Q. Denied the Opportunity to respond to proposal to suspend.?
Updated On: Mar 07, 2016
Q. How do I know if my agency has denied me a meaningful opportunity to respond to its proposal to suspend me?
A. The opportunity to respond to an agency's proposal for adverse action is "a fundamental due process requirement," the Merit Systems Protection Board concluded in Terry David Doe v. U.S. Postal Service (2013). The issue of whether an employee has had a meaningful opportunity to respond to a proposed adverse action - or the lack thereof - often arises when a deciding official either intentionally or accidentally fails to consider an employee's written or oral response or when the evidence file is not provided at all or only is provided partially. It also comes up when an employee is indefinitely suspended or removed after having his or her security clearance revoked or when a deciding official's decision is based on information not mentioned in the notice of a proposed adverse action.
One reason why a deciding official might not legitimately consider an employee's response to an adverse action is because the response was not timely. But agency officials can miscalculate when a response period ends, as was the case in Doe. Furthermore, meaningful notice of the actual evidence used to propose or decide adverse action is as important as having a meaningful opportunity to respond. When another official - after a proposal notice has been issued - attempts to influence the deciding official's decision or penalty selection by providing him or her with new information not provided to the employee, this may result in a so-called "ex-parte" or one-sided communication. When this happens, and employees are unaware or cannot respond to the evidence provided to the deciding official then the "employees are no longer on notice of the reasons for their dismissal and/or the evidence relied upon by the agency," the Federal Circuit stated in Milton R. Stone v. FDIC (1999). Consequently, the constitutional due process guarantee of the opportunity to respond may be "undermined" by the ex parte communication. Later cases have construed such ex parte communication to be reversible error per se.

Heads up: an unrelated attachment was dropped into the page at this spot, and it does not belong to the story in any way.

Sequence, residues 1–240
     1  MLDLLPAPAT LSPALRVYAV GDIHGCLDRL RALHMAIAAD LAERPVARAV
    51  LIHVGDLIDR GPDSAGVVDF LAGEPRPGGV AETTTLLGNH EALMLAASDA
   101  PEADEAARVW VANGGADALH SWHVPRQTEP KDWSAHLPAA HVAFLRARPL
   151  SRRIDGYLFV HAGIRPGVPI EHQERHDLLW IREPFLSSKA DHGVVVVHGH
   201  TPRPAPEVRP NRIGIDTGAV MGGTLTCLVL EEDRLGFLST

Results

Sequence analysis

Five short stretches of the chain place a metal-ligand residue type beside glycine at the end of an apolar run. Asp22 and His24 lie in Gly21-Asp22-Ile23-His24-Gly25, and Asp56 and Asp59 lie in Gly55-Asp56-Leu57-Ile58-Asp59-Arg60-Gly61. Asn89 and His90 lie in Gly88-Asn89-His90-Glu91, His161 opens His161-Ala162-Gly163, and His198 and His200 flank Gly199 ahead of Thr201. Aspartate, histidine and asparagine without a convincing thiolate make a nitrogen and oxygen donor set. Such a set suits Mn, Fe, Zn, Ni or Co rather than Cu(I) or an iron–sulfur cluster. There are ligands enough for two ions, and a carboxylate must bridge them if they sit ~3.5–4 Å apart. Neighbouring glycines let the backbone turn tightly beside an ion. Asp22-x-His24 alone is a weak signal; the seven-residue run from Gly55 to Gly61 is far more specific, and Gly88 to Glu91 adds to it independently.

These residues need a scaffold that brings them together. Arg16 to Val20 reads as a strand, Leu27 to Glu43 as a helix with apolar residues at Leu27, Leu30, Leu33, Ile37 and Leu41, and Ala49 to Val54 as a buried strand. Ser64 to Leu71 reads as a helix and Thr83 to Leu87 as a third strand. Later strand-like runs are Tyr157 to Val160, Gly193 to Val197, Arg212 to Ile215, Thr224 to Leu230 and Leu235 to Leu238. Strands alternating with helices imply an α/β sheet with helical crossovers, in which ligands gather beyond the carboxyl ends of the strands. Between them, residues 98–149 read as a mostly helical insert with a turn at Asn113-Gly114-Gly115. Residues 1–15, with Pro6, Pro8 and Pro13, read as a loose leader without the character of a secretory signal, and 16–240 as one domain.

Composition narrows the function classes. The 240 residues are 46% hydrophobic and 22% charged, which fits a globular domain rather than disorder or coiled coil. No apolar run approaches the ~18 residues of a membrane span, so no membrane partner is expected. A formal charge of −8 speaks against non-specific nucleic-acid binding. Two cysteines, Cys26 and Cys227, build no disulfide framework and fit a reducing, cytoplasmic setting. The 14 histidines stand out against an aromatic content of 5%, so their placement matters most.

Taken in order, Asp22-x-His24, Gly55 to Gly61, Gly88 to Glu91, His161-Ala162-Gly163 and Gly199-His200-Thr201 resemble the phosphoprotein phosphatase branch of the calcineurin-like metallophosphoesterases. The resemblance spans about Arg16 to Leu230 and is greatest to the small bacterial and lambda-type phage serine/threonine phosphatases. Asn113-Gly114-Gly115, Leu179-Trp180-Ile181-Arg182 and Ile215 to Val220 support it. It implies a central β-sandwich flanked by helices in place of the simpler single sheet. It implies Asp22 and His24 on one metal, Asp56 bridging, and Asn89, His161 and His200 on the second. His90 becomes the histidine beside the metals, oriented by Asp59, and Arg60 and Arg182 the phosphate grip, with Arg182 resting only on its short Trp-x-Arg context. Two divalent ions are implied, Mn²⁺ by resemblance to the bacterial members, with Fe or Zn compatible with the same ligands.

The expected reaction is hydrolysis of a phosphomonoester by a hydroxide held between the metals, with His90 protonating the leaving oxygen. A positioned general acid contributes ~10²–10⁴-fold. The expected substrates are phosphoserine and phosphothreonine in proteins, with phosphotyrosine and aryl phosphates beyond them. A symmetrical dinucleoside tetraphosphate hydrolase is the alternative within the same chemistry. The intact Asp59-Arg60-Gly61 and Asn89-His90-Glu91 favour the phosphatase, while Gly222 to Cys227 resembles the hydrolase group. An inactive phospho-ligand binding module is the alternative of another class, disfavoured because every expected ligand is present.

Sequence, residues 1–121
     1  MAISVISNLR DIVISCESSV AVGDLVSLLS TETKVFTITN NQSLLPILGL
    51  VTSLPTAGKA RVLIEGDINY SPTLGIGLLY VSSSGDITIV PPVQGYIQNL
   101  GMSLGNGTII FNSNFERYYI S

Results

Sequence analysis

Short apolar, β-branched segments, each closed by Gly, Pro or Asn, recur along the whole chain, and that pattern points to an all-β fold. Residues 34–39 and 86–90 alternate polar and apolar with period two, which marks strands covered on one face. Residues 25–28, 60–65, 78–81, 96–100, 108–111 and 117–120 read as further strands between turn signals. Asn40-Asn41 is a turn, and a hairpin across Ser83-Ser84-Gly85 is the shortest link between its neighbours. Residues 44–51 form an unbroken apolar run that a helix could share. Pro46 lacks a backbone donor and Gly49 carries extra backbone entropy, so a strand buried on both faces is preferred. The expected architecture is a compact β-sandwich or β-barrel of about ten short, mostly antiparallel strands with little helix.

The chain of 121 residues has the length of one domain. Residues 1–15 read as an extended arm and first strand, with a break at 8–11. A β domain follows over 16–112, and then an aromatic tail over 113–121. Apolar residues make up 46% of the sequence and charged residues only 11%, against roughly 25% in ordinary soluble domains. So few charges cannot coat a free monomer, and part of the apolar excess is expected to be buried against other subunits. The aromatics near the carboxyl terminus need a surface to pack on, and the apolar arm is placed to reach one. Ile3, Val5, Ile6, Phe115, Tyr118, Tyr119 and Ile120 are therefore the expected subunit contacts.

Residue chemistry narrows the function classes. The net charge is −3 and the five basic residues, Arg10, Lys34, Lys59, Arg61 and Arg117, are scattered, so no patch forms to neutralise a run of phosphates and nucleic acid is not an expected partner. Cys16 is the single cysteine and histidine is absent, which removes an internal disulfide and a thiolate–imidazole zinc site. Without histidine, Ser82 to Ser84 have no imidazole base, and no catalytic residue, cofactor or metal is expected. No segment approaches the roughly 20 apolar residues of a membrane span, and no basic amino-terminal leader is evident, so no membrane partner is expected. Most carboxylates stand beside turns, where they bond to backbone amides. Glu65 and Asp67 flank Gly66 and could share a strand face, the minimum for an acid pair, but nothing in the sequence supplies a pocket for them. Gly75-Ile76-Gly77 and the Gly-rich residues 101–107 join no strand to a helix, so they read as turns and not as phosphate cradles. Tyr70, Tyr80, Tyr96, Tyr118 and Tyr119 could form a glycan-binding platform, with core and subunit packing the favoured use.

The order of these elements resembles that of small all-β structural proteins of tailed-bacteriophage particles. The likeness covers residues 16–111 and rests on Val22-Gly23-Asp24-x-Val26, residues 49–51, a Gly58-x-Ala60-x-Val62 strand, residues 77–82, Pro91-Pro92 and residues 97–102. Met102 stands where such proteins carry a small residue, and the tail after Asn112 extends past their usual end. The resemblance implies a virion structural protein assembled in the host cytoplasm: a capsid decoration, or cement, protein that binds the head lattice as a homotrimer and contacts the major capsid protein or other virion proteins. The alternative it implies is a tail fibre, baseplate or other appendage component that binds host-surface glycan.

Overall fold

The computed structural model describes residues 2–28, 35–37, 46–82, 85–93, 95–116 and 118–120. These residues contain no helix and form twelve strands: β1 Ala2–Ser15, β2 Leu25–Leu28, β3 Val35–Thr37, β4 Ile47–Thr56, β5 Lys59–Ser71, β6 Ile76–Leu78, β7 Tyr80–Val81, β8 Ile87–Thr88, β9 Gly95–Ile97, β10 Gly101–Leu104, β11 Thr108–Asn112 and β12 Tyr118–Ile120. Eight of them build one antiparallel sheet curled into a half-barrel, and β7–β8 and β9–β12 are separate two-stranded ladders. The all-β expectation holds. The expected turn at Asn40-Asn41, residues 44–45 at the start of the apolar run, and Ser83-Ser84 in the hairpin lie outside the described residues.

When an agency proposes to indefinitely suspend an employee because his security clearance was revoked or suspended, he or she should know to which information or action he or she has a meaningful opportunity to respond. Only the manner in which the agency indefinitely suspended or removed his clearance (leading to the suspension or removal from service) is reviewable, the MSPB noted in Angelo T. Marshall v. Department of Defense (2014). Employees who have received a notice of adverse action should immediately consult with an experienced federal employment law attorney, who can see the pitfalls in the agency's case and prepare a written response to safeguard their due process rights.